We now have multiple regions with nearly 100% FTTH networks from providers like Paul Bunyan, CTC, WCTA, Acira and other cooperatives.  There are growing pockets of FTTH from HBC, Arvig, BEVComm, Metronet and other providers. Are schools and health care providers making full use of these network assets, thus making themselves more attractive to new residents and businesses? Cross-sector, public-private regional teams need to create projects that could be funded by the whole alphabet soup of federal agencies for health care, education, workforce development, economic development, and public safety.

The time to do that is now!  Anyone going to lead on this?

EVENTS Jan 13 & 21 : Blandin Broadband “Lunch Bunch” online discussion sessions

An invitation from the Blandin Broadband Team…

The Blandin Community Broadband Program announces a new virtual series for 2021 – the Blandin Broadband Lunch Bunch. Sessions will take place the second and third Wednesdays of the month from noon-1:00 pm.

Sessions will alternate between Broadband Infrastructure (2nd Weds) and Digital Use and Equity (3rd Weds). The idea is to get colleagues in a shared space, introduce a topic, and talk. We learned during the 2020 virtual broadband conference that people really enjoy the opportunity to talk to one another, and we often found that the wisdom is often in the room – even in a Zoom room. Topics will be announced monthly and may include some experts to get the ball rolling.

Here’s what we have for January:

January 13 – Broadband Infrastructure: Everything You Want to Discuss about RDOF

The FCC’s Rural Development Opportunity Fund is a game changer for rural broadband development. Are the pending results of the reverse auction a win, loss or is the game still in play. Come bring your questions, share what you know  and tell the group how the RDOF auction is changing your local broadband strategies.

(Register here – for the first, all, or several of the upcoming Infrastructure sessions.)

January 21 – Digital Use and Equity: Share a success story

Note – this session was originally scheduled for January 20, which is also Inauguration Day. We decided to reschedule to Thursday.

The inaugural Lunch Bunch on Digital Use and Equity is an opportunity to talk turkey with colleagues and cohorts around Minnesota and beyond! Normally there will be a specific (but loose) topic but to get the ball rolling – but for January, planners invite folks from the front lines to share their best stories of success. Please come and brag!

It will give us some good ideas to replicate. It will give us stories to share with legislators. Most of all, it will help set the stage of success for 2021!

(Register here – for the first, all, or several of the upcoming Digital Use & Equity sessions.)

We’re planning on holding Lunch Bunch sessions through June – at least! The monthly topics will be shared on the Blandin on Broadband blog, and in our monthly Broadband e-Newsletter. Links are also available on the Webinars page on our website.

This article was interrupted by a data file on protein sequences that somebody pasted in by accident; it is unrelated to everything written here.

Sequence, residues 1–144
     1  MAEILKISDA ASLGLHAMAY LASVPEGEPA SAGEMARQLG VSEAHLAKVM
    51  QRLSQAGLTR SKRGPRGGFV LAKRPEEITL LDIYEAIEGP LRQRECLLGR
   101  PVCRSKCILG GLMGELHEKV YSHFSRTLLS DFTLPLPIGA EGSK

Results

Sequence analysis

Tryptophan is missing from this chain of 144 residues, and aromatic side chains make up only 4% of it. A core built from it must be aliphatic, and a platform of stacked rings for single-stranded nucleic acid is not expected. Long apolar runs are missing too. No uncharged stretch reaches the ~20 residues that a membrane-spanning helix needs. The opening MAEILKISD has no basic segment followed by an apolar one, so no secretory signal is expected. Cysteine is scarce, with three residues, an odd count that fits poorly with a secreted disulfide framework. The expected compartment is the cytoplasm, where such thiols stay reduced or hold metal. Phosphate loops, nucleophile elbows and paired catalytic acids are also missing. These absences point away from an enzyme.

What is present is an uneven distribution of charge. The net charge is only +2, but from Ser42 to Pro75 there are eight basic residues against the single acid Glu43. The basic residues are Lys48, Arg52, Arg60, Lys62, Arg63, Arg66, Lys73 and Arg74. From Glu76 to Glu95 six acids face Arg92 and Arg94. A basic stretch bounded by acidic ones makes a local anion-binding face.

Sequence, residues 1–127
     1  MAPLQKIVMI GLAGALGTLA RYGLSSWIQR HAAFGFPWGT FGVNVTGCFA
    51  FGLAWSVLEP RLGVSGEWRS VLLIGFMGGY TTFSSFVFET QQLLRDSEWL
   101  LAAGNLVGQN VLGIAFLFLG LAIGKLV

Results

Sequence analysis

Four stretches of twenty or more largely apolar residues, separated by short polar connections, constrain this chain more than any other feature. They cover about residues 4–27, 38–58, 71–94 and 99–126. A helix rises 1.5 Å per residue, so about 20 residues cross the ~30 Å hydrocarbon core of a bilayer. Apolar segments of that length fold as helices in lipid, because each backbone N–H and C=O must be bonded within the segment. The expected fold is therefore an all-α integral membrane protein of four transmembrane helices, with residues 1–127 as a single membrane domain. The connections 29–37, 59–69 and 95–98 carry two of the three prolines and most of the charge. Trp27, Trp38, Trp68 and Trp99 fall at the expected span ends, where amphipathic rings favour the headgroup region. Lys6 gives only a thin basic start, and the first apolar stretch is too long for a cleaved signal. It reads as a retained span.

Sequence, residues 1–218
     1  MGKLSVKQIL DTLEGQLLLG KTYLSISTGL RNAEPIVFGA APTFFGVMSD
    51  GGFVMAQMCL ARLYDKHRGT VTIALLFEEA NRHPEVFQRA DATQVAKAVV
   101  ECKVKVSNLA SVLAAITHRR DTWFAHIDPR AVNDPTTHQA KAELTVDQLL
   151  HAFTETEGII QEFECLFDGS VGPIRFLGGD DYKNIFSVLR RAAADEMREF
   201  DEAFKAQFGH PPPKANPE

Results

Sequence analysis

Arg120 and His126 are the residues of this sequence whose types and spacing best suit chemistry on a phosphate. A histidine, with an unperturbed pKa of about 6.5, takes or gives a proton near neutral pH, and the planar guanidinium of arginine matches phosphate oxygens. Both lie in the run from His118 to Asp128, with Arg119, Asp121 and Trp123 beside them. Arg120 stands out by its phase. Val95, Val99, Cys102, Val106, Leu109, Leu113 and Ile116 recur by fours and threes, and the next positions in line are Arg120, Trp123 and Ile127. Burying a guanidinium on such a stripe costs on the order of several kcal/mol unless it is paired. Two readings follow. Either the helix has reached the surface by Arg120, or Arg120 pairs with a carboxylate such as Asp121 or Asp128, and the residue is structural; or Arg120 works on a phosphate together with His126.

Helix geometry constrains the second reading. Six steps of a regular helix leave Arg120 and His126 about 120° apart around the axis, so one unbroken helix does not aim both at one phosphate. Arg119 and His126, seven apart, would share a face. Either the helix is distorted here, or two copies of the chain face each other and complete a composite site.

Questions? Contact Mary Magnuson at

MN Broadband Task Force: Draft annual report and meeting archive

This morning the MN Broadband Task Force met to comb through a late draft of the annual report. It’s not the final draft, it may not be the penultimate but it’s getting close.

You can read the draft report and watch the discussion below. The video focused mostly on the text so it would probably be easier to listen and use the PDF version to follow along.

Some high level comments on discussion:

  • There was discussion on the fourth recommendation related to permits and the OBD (Office of Broadband Development) working with partners. There was confusion more than disagreement. In the end I think the decision was to recommend a workgroup for public rights of way and look at greater oversight of railroad easements.
  • There was also a lot of discussion on RDOF and CAF II and the opportunity they have to help or hinder the state in reaching state speed goals. Concerns are that the CAF funding is sunsetting and the speed goals required with CAF funding do not meet even the MN 2022 speed goals of 25/3. Concern with RDOF is the surprising result in Minnesota where one provider received a large percentage of the funding to provide services that they are not known for providing, which results in both concern whether that provider will meet scrutiny of the RDOF long-form application to actually get the funding and concern that if they do they will be able to deliver fiber as promised. Some folks felt that as it was federal funding,  it fell out of the scope of the state task force while others were concerned on the impact the federal funding would have on state funding moving forward.